Bodie Broadus, Poot Carr and Puddin reminisce about their days working in and living around the 221 tower just before it is demolished. Later, Stringer chairs an organization meeting at the funeral home (pictured) to discuss their new direction now that their main territory is lost, Shamrock oversees the meeting and ensures that it conforms to Robert's Rules of Order. Bodie suggests that they need to take new territory by force and Poot agrees. Stringer criticizes Bodie over his actions the previous year in taking over territory and bringing police attention to them. Slim Charles, his new chief enforcer, is dubious of their ability to operate without territory. Stringer believes that product is now the key to his operation. He suggests that they supply other dealers with their product rather than battle over territory. When Slim Charles and Poot remain openly dubious Stringer becomes angry and urges them to think like grown men.
Wee-Bey Brice talks to a prisoner named Dennis "Cutty" Wise who is about to be paroled after a fourteen year sentence. Cutty was once a legendary soldier in the drug trade. As Avon Barksdale walks across the exercise yard to talk to them, play stops to allow him to pass. Avon asks Cutty for help securing new territory and gives him a number to call when he is released for a coming home gift. Avon worries that prison might have broken Cutty but Wee-Bey believes he is strong.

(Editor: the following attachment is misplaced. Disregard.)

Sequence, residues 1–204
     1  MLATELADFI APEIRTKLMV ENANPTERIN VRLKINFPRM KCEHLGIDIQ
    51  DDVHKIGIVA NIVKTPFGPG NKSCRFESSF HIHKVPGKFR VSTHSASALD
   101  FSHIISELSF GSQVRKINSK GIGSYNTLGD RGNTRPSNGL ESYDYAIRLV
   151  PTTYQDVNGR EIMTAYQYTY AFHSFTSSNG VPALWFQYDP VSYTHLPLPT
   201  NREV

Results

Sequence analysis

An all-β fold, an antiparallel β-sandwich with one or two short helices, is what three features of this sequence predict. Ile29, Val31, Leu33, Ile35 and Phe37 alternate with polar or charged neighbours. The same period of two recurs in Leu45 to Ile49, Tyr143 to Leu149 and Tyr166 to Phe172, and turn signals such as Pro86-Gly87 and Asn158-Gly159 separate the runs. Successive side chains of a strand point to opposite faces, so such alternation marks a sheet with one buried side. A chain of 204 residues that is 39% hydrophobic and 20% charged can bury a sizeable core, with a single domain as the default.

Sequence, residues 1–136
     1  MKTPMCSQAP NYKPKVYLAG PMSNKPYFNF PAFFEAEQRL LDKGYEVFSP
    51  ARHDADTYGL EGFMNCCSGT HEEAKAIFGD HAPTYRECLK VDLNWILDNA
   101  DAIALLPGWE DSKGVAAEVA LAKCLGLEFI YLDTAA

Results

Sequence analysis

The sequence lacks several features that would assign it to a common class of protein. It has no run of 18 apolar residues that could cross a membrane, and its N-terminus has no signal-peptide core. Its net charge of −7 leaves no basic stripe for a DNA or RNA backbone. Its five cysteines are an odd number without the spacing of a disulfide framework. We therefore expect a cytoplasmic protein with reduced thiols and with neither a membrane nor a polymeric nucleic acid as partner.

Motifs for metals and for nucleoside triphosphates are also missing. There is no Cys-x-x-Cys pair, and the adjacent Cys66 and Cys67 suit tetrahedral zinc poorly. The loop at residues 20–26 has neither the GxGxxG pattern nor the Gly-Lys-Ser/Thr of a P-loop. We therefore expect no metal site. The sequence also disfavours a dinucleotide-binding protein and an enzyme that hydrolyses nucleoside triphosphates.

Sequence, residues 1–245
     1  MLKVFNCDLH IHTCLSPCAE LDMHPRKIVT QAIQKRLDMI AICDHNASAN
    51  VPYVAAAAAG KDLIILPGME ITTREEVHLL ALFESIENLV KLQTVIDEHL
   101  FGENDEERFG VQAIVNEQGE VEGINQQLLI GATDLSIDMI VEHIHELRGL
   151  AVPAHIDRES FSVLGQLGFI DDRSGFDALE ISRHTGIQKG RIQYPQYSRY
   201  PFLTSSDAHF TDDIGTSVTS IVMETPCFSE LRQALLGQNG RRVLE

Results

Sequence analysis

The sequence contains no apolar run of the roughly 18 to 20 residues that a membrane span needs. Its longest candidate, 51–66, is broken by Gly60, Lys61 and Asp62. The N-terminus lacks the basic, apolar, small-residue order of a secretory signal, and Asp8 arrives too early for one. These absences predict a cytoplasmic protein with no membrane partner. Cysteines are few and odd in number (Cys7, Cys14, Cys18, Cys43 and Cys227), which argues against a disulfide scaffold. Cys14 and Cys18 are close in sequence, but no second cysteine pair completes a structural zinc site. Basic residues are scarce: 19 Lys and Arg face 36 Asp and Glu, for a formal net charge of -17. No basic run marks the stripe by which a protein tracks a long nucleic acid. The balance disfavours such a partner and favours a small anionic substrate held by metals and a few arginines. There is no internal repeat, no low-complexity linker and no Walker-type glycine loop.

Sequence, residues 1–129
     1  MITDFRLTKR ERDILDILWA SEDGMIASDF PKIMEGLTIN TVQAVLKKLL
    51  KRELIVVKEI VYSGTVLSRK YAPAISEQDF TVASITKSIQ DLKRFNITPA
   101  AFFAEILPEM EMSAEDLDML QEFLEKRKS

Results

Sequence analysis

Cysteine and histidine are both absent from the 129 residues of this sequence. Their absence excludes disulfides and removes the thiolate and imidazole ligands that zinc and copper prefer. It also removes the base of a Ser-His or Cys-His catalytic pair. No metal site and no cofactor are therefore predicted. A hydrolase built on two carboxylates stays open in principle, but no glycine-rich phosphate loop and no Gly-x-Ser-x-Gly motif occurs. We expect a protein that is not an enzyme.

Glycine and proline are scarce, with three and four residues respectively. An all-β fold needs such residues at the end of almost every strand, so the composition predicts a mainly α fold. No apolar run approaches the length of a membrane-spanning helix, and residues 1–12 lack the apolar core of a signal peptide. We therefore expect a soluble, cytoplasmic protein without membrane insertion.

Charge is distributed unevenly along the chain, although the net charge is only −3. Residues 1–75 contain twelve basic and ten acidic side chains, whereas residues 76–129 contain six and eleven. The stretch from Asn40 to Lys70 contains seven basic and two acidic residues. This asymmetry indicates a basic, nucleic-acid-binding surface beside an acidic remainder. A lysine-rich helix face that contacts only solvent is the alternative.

Once on the outside Cutty phones the number Avon gave him. He arranges a meeting and Shamrock arrives and gives him directions to a package of narcotics and tells him to wait for some "real work". Cutty watches one of Marlo Stanfield's crews plying their trade. He approaches the dealer, Fruit, and strikes a deal to work the package he has been given for a share of the profit. When Cutty returns later that night Fruit tells him his stash was stolen. Cutty asks him for a crime report number and Fruit pulls a gun to drive him away.
Bubbles and Johnny push a new haul of junk metal down the street. They lose control of the trolley and it crashes into the car of Marlo's driver. He threatens them with a weapon but when Marlo urges him to hurry up he lets them go taking their trousers as punishment.
After buying new pants they are short of cash for drugs and cannot get enough for both of them. Bubbles bemoans their situation as they bed down for the night while Johnny holds out hope for the next day.